Caste wrath puts Irular tribes of TN in misery, face denial of education

The caste Hindus demand that the Irulars have to either give away first respect in the village temple or they should not get the ST community certificate

M Dhanalakshmi had recently cleared her Class 12 exams and wanted to pursue BSc mathematics from a nearby college | Special Arrangement

A group of people from the Irular community in Villupuram district of Tamil Nadu are unable to pursue higher education as the caste Hindus in the region have been objecting to the issuance of community certificates to them.

The issue came to light only after a 17-year-old girl from the Irular community, a Scheduled Tribe (ST), approached the district collector, seeking a community certificate. M Dhanalakshmi had recently cleared her Class 12 exams and wanted to pursue BSc mathematics from a nearby college.

“However, only if I submit my Scheduled Tribe community certificate, I will be able to get a scholarship for my studies. Else, my parents will have to shell out a huge amount of money for my education. Due to this reason only, two of my elder sisters couldn’t pursuing higher education and they were married off soon after completing Class 12,” she told The Federal.

A day after Dhanalakshmi petitioned the collector, revenue officials visited the village and inquired about her caste. According to her father, they have submitted as many as 14 supporting documents to show that they are from the Irular tribes. The officials had also sought the presence of the girl and her family members for an inquiry at the village office.


At the time of the inquiry, a group of caste Hindus, belonging to the Vanniyar community (Most Backward Community), thronged the village office and filed a petition, demanding the officials not to provide ST community certificate to those claiming themselves Irulars.

According to sources in the know, Dhanalakshmi, her family members and relatives who claim to be from the Irular tribes have been entitled to first respects, such as ‘Mudhal Mariyadhai’ in the village Draupathi temple. The caste Hindus demanded that the Irulars have to either give away the first respect in the village temple or they should not get the ST community certificate.

A revenue official, who did not want to be named, told The Federal that as many as seven people from the Irular community have got the ST certificate. “The last time someone from the Irular community received community certificate was in 2018 and for the last two years, we have not issued ST certificate for the Irulars in the locality due to the caste clash,” the revenue official said.

A revenue official said that as many as seven people from the Irular community have got the ST certificate | Special Arrangement

Dhanalakshmi’s father Muniyandi too said that only seven people from their community have got the ST certificate so far. “My elder brother’s son got the ST certificate in 2017, and people in my in-law’s family too have got the certificate,” he said.

The main occupation of the Irular tribes had been catching snakes, rats and rabbits apart from trading snake skins and forest products. “However, after the government banned the snake skin trade and hunting of rabbits, we settled here and engaged in farming. We still have the equipment used for catching rabbits, snakes and rats,” said a relative of Muniyandi.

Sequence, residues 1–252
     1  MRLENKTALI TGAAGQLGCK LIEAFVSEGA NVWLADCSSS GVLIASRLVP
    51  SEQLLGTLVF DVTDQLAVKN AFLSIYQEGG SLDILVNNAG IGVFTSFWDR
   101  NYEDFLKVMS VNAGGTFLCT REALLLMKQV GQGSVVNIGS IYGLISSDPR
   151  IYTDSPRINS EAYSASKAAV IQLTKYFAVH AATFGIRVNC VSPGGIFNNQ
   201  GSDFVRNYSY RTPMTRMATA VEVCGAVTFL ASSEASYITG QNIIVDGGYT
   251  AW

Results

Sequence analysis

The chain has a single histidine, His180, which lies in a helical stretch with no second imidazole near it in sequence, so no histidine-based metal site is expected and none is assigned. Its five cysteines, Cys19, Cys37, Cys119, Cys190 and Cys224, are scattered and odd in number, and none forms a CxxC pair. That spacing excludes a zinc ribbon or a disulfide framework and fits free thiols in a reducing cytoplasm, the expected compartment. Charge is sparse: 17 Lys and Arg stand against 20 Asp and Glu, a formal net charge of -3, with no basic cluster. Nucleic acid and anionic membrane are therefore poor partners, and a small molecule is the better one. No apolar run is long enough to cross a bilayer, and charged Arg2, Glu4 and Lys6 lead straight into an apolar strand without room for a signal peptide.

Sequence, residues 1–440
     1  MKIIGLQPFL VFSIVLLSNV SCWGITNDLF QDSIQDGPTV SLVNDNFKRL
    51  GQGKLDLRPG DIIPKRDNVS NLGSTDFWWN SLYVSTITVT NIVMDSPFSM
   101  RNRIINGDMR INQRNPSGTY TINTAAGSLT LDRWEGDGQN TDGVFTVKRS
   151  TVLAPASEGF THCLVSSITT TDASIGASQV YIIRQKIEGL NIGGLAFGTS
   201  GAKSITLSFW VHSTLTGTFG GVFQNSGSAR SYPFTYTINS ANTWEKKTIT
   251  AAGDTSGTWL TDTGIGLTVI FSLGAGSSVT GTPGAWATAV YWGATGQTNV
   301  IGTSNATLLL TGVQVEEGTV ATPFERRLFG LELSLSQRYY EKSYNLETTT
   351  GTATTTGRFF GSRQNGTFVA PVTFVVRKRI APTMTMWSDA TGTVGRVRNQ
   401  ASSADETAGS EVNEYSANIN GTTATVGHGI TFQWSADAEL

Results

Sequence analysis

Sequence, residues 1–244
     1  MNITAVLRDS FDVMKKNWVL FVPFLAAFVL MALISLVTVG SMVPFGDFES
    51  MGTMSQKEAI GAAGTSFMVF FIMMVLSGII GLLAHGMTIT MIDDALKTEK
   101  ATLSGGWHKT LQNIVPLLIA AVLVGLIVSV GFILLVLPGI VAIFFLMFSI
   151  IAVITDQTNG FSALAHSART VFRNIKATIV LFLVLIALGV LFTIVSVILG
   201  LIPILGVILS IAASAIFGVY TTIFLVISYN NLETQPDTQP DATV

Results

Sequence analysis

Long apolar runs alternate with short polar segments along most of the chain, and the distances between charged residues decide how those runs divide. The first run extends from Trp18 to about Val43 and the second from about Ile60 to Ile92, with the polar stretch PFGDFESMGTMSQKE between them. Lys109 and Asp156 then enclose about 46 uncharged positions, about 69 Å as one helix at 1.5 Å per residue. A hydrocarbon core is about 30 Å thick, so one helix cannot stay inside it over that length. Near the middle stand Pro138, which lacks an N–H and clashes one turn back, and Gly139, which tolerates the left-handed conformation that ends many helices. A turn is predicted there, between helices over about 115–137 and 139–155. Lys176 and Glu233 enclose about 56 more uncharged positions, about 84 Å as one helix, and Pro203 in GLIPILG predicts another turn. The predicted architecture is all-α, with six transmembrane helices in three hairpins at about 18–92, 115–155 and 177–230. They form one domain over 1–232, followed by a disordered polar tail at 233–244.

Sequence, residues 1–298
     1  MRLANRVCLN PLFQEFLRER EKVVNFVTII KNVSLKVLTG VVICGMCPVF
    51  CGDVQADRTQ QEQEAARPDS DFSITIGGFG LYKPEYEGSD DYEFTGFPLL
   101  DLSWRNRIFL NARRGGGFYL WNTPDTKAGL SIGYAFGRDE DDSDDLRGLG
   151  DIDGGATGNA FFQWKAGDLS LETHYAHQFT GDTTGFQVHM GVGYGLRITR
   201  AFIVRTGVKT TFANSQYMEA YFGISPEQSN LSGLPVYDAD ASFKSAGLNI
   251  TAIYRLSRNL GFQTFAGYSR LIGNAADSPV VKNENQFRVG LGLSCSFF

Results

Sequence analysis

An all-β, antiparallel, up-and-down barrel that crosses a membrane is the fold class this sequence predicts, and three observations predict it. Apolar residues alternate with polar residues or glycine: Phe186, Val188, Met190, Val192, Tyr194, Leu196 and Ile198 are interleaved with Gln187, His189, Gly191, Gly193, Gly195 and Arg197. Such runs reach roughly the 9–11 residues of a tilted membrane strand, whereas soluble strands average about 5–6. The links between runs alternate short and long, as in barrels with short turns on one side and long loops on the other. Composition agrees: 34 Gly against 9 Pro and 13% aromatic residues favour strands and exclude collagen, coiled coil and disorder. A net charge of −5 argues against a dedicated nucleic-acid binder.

A caste Hindu man, who did not want to be identified, said that they cannot let a tribal get first respect in the village. “We do not have any issues if they get community certificate as Scheduled Tribes. The only problem we have is in giving first respect to tribals,” said the man who hails from T Parangani village.

Speaking about the issue, the Pazhangudi Irular Paathukappu Sangam’s founder, Professor Prabha Kalvimani, said that it was not just the temple issue that is making the caste Hindus stop tribals from getting community certificate, but also other political and social reasons.

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“Though the Irulars are a small group of people in the village, they have economically developed over a period of time and they too own farmlands and houses there. But the caste Hindus cannot accept that Irulars are also developing. If the Irulars get community certificate, they would also receive education and economically become equal to the caste Hindus in the locality, which they don’t want to encourage,” said Kalvimani.

Speaking about the political reasons, he said, “Since the candidate, who contested on a PMK (a political party backed by the Vanniyars) ticket, was defeated in the last Lok Sabha election in Villupuram constituency, there has been tension in the village. The situation aggravated after the candidate, backed by caste Hindus, lost the village panchayat election as well. So, assuming that the tribals are empowered economically and politically, they are now being targeted.”

Asked about it, District Revenue Officer K Rajendren said that they are inquiring into the matter and would issue the certificate on completion of the inquiry. “The first phase of the inquiry is over and we will conduct the second phase by this week. If we fail to arrive at a conclusion, we would seek the help of an anthropologist, and based on his recommendation, a community certificate would be issued,” he said.

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